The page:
Losing a loved one

How do you walk ahead when you lose someone you love? How do you pull the weight of grief around day by day when it feels as though sandbags are hanging around your neck? How do you make peace with all the unsaid words? The moments you wished you could have back, the things you wished you could change, the relationships you wished you had worked on? The short answer… you can’t.

So make each moment count. The cliche “you never know when it will be your last day” has been said repeatedly for a reason, because …its so true.

We don’t always get that understanding day by day. We get so spun up in our own little world and responsibilities, we sometimes forget or put off doing the hard work of maintaining relationships. And then…the unthinkable happens.

Death can be a gift… that sounds so wrong to say, but it can mean your loved one is no longer suffering, enduring hardship, or struggling. It can bring about perspective, introspection, resolve to change things for the good.

The pain we feel can be overwhelming, but your loved one is ok. If you believe in a higher being they are better than ok. Or perhaps their death means their spirit was so pure, they had few lessons to learn about living so God called them home. For those called so early this is my understanding.

You will miss them every day, you will think about them all the time, but you cannot stop living because they are gone. Your job is to honor them every day so they will know how much you loved them.

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Creating life

As I stood in line at the fertility doctor that morning I was overwhelmed with a feeling of awe, sadness and hope. My husband and I had been trying to have children for almost 2 years. We began seeing a fertility doctor in October, then instantly found out we were pregnant. Unfortunately that little blessing didn’t make it.

So, we began again. We went through the testing that revealed it may be more difficult for us to conceive. We were ready to do whatever we could to create life with the love we have for each other. We prayed and hoped and attended the IVF classes. No matter the cost we would figure out out. Then in June, a couple weeks before starting the IVF process, God answered our prayers with a positive pregnancy test.

So, as I stood in line at my third follow up sonogram to make sure baby is on track, I was overcome with emotion as I realized how much all these women around me wanted the same thing I had growing inside me. I was in awe at the resilience and commitment of these amazing women. To put your body through the hormones, procedures, and emotional roller coaster of producing eggs to hopefully get fertilized and become an embryo then properly implant – well, it’s a process to say the least. I also felt so appreciative that God saved me from that process. I really wanted a baby, but hoped my body would cooperate the old fashioned way. I recall in my younger years praying not to get pregnant, what a mistake, now all I could think about was conceiving.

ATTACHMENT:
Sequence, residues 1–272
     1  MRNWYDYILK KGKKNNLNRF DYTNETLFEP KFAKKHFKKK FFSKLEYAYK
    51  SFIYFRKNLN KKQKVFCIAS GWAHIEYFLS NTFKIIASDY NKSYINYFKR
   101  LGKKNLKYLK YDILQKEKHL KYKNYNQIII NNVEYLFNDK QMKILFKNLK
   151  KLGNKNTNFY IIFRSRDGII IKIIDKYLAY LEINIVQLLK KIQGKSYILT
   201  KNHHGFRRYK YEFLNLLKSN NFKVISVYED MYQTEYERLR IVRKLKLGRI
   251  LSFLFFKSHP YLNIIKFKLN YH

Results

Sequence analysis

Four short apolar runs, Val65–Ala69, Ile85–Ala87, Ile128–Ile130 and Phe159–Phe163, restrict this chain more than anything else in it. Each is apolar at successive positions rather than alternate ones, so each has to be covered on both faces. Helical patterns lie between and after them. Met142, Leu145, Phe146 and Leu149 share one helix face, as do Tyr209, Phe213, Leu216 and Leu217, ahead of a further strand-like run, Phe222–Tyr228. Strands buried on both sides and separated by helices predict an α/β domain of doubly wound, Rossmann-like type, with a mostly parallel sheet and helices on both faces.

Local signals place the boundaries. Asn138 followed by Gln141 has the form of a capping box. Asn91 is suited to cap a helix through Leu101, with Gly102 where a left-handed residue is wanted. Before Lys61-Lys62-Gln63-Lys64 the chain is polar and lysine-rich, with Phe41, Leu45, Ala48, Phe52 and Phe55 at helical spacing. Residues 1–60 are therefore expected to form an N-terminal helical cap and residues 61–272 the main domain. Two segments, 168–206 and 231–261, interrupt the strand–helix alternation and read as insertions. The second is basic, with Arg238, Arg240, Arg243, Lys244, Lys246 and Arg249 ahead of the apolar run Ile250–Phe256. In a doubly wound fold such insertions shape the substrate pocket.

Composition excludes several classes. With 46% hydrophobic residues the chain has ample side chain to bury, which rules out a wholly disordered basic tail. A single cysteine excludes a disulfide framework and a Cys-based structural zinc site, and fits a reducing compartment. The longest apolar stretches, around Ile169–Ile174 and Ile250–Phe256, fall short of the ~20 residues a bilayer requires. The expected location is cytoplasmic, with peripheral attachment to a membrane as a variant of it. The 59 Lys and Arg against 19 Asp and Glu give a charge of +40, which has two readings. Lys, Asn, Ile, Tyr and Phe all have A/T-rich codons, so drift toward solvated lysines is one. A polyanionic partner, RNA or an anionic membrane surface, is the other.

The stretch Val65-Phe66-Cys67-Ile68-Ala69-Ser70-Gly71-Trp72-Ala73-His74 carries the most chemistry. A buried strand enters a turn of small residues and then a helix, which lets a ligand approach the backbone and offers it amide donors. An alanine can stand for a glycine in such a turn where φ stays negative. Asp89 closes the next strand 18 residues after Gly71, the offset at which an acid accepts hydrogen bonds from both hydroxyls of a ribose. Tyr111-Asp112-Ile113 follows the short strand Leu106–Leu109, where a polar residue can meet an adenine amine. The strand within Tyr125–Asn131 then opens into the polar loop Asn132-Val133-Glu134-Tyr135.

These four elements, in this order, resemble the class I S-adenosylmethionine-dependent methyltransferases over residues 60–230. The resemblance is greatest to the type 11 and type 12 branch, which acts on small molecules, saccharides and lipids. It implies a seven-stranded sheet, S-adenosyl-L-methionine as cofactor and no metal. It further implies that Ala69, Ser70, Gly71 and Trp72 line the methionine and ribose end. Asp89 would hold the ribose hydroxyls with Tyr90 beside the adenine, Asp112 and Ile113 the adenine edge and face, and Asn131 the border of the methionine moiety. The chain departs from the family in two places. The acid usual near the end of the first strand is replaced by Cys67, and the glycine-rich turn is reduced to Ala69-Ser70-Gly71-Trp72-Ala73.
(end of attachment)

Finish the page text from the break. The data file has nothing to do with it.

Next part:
I felt sadness that so many people around me in this small office desperately wanted to create life, to be parents, to guide and protect and raise fabulous people, while some in this world brutally attack, neglect or discard children daily.

Finally, hope! Glorious hope washed over me that these women will too feel the way I do right now – joyous, nervous, excited, blessed and so in love with this little person growing inside me!

I cannot wait to meet this little miracle!

As an update *** This was written almost 4 years ago. I was nervous to post as many women understand that have had fertility issues, you want it to work and don’t want a reminder it didn’t. I’m happy to report my little guy is 3 and he has a baby sister coming in September. We are beyond thrilled and filled with gratitude.

For others facing the struggle choose hope and faith, they will guide your journey.

Healing after loss

How do you console a person experiencing grief?  Whether it is a loved one, a client, or coworker, the words never seem to be full enough to say enough; and the gifts, cards and flowers seem trivial when compared to what the person is experiencing.  So, how can you help a person experiencing tragedy?  In the past few months, several people I know have experienced loss of loved ones, illness, and tragic events beyond their control. Even this week, I received the sad news that my grandmother is in the hospital, and my cousin’s young daughter is having heart trouble.  In my experience, folks have told me that the best thing to do is to just be there.  The comfort comes from knowing you care, and that if they need you, you are there. Continue reading